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U.S. senator to draft new legislation imposing financial embargo on N. Korea

All News 05:02 June 24, 2017

By Chang Jae-soon

WASHINGTON, June 23 (Yonhap) -- U.S. Sen. Cory Gardner said Friday he is prepared to put together new legislation imposing a financial embargo on North Korea, stressing Pyongyang's nuclear missile program is fast approaching a point of no return.

Gardner made the remark in a statement he issued to condemn the North's reported test of a rocket engine that could be used in an intercontinental ballistic missile capable of reaching the continental United States with a nuclear warhead.

The test "deserves global condemnation and a show of determined resolve from the United States and our allies. It is clear we are rapidly approaching a point of no return with North Korea, and there needs to be a global urgency to stop their development of nuclear delivery capability," he said.

"I am prepared to draft legislation to target entities and to impose a financial embargo on North Korea. My legislation will present a clear choice to all those enabling Pyongyang: you either do business with a nuclear-armed madman who abuses his own people and has just murdered an American or you do business with the world's only economic and military superpower," Gardner said.

The world needs to come together "if we want to prevent nuclear war," he said.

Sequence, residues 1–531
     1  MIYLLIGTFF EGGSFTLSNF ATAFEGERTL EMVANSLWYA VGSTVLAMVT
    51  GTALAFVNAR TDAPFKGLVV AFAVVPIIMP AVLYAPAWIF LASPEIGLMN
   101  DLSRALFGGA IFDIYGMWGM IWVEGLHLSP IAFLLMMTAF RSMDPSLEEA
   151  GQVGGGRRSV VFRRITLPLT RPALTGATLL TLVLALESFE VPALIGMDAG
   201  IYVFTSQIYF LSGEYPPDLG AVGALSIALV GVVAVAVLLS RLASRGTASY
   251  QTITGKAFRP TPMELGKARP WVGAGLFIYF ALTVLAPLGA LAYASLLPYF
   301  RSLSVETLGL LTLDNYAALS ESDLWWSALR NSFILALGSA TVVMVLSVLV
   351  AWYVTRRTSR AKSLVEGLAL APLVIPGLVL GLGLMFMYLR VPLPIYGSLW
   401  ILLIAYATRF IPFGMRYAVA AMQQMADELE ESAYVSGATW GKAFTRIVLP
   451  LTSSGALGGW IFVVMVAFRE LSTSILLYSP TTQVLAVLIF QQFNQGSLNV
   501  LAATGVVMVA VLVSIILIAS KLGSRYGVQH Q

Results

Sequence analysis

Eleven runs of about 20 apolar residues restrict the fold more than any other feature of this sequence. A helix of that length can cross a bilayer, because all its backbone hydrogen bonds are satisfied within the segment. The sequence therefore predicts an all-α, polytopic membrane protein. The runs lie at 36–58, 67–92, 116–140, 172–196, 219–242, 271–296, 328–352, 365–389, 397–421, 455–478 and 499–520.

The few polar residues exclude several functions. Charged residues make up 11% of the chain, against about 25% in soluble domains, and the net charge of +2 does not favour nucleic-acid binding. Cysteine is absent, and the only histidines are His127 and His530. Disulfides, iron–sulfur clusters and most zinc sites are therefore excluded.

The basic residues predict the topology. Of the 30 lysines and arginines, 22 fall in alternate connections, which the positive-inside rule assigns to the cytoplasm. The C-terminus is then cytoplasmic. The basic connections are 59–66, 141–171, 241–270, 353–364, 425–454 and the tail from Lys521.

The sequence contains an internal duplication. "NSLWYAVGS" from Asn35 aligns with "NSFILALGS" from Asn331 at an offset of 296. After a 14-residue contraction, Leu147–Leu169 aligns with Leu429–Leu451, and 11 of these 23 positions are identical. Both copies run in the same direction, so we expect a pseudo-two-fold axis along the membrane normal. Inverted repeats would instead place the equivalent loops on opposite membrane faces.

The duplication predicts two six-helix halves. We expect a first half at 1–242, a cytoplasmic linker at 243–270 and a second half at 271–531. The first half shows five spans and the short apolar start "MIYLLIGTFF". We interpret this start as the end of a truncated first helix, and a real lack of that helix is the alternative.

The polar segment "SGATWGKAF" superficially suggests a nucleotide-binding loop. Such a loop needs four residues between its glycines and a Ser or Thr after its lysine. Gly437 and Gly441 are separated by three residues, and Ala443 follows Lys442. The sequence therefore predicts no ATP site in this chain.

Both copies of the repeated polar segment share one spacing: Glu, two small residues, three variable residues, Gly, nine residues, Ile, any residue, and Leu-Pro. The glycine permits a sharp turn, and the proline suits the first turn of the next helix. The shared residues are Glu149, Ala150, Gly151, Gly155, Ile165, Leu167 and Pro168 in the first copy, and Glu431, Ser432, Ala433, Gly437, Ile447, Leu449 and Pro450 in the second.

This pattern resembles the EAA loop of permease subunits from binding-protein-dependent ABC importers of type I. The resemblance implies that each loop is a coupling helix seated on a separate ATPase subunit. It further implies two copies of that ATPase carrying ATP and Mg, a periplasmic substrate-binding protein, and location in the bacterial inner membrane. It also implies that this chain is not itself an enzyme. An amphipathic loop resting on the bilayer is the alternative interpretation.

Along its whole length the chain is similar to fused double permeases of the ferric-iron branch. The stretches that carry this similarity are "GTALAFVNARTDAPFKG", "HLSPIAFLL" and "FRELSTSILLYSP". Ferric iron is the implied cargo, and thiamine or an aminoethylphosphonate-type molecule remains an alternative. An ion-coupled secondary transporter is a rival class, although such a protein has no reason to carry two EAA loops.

Gardner, chairman of the Senate Foreign Relations Subcommittee on Asia and the Pacific, has been a leading voice in Congress for stronger pressure on the North. He authored the landmark North Korea sanctions legislation that passed through Congress last year.

U.S. senator to draft new legislation imposing financial embargo on N. Korea - 1

Last month, the House of Representatives overwhelmingly passed legislation imposing tougher sanctions on North Korea. The bill is largely aimed at restricting the North's trade and drying up key revenue sources, such as labor exports, and cracks down on North Korean shipping and use of international ports

The Senate must pass the legislation before it becomes law.

Calls for tougher sanctions on the North have risen again after American college student Otto Warmbier died just days after he was released from the North in a coma following 17 months of detention for taking down a political propaganda sign from a hotel.


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